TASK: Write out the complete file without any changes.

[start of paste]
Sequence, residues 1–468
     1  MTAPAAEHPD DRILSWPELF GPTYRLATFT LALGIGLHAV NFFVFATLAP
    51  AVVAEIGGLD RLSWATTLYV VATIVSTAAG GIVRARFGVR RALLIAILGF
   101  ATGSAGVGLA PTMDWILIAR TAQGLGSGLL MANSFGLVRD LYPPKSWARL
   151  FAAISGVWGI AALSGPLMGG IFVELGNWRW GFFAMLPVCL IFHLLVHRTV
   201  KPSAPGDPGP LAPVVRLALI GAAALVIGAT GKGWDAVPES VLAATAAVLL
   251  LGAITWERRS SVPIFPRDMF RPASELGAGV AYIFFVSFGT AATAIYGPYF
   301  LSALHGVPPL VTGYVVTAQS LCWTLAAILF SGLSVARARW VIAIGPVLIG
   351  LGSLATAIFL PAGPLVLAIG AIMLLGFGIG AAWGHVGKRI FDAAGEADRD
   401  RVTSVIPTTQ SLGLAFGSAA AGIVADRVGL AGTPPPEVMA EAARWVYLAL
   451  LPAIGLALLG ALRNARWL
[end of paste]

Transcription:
Sequence, residues 1–468
     1  MTAPAAEHPD DRILSWPELF GPTYRLATFT LALGIGLHAV NFFVFATLAP
    51  AVVAEIGGLD RLSWATTLYV VATIVSTAAG GIVRARFGVR RALLIAILGF
   101  ATGSAGVGLA PTMDWILIAR TAQGLGSGLL MANSFGLVRD LYPPKSWARL
   151  FAAISGVWGI AALSGPLMGG IFVELGNWRW GFFAMLPVCL IFHLLVHRTV
   201  KPSAPGDPGP LAPVVRLALI GAAALVIGAT GKGWDAVPES VLAATAAVLL
   251  LGAITWERRS SVPIFPRDMF RPASELGAGV AYIFFVSFGT AATAIYGPYF
   301  LSALHGVPPL VTGYVVTAQS LCWTLAAILF SGLSVARARW VIAIGPVLIG
   351  LGSLATAIFL PAGPLVLAIG AIMLLGFGIG AAWGHVGKRI FDAAGEADRD
   401  RVTSVIPTTQ SLGLAFGSAA AGIVADRVGL AGTPPPEVMA EAARWVYLAL
   451  LPAIGLALLG ALRNARWL